As Trump Leaves Permian Oilfield, Industry Insiders Question If 2020 Bust Marks Texas Oil’s Last Big Boom
Yesterday, President Trump left Midland, Texas, after arriving in the state’s Permian oilfield region for a $2,800 a plate luncheon and a “roundtable” that required each participant to pony up $100,000.
The west Texas Mr. Trump left behind bears little resemblance to the region as it was when he first took office in January 2017, as the shale rush resumed following 2016’s oil price plunge.
Today, the shale boom of the 2010’s is officially bust, battered not only by the US’s outsized failure to control COVID-19 outbreaks and an oil price war in which foreign producers proved their ability to steer oil prices, but also a wave of multi-billion dollar write-downs by oil giants — write-downs that predated both the price war and the pandemic and resulted from the industry’s perpetual struggles to generate profits from shale drilling and fracking regardless of the price of oil.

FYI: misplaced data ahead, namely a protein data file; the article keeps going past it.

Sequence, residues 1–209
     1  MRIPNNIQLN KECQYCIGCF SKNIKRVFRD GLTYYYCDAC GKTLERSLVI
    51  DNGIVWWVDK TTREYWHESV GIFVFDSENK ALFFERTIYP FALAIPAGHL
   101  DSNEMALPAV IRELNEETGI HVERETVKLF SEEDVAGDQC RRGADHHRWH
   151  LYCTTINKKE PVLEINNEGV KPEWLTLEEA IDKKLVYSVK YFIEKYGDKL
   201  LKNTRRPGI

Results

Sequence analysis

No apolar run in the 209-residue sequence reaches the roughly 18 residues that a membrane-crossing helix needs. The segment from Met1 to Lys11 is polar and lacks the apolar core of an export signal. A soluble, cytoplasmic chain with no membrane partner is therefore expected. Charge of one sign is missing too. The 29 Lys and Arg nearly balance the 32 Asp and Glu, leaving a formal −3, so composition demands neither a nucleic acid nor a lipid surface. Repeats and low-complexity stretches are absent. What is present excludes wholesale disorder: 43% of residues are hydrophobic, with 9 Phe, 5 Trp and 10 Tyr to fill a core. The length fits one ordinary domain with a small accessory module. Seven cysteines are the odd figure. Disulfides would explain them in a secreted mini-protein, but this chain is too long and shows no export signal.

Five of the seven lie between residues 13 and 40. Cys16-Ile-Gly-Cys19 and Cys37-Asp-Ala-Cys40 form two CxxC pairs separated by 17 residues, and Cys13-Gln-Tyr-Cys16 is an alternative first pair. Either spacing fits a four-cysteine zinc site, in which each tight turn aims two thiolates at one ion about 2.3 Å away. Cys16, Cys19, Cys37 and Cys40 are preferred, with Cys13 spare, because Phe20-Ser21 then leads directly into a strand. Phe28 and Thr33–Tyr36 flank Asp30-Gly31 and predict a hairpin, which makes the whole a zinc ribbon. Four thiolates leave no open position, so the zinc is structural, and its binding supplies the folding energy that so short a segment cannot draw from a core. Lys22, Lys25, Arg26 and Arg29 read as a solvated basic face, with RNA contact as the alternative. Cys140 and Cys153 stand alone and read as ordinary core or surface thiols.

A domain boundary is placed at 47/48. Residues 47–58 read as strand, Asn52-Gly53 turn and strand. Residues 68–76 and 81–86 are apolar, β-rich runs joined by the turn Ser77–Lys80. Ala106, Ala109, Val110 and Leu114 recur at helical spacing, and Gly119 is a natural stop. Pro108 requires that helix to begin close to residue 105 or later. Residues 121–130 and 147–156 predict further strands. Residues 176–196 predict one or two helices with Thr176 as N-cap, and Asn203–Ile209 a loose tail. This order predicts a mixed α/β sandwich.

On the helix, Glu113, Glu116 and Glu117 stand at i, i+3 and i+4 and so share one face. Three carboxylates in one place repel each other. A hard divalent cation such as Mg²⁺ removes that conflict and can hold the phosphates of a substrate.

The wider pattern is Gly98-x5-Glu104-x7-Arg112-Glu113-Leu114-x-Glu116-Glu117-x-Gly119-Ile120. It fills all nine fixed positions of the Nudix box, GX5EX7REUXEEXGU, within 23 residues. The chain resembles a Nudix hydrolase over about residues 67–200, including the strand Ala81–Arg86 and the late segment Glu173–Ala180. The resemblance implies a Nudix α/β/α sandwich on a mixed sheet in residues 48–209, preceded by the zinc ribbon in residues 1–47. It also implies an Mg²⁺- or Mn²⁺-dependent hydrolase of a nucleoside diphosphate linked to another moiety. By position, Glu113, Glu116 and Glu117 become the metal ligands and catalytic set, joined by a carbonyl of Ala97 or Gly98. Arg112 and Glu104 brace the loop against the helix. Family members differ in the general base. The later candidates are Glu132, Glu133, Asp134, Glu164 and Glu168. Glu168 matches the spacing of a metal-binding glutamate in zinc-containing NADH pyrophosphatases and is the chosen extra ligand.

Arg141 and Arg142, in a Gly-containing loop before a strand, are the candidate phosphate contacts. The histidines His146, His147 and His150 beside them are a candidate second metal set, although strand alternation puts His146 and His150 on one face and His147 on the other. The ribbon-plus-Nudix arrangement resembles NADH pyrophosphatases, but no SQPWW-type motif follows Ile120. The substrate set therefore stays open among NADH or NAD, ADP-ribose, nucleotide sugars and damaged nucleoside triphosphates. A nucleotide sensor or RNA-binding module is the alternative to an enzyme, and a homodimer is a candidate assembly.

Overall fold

Last Friday, just 103 active drilling rigs dotted Texas, according to data from Baker Hughes. That’s down from 403 drilling rigs as 2020 began and the state’s peak this decade of 930. Just 251 active oil and gas rigs could be found across the entire United States, the lowest number recorded since Baker Hughes began tracking the rig count back in 1940.
In late February, the nighttime horizons around Midland and Odessa were still dotted with brightly burning oil well flares, dozens of flickering licks of flame that cast an uncertain light across the mesquite and cotton fields of west Texas. Mancamps and hotels already appeared partially emptied out, even while a constant flow of truck traffic streamed along the desert highways.
Empty worker housing at FTSI in Odessa, Texas. May 27, 2020. Credit: ©2020 Justin Hamel
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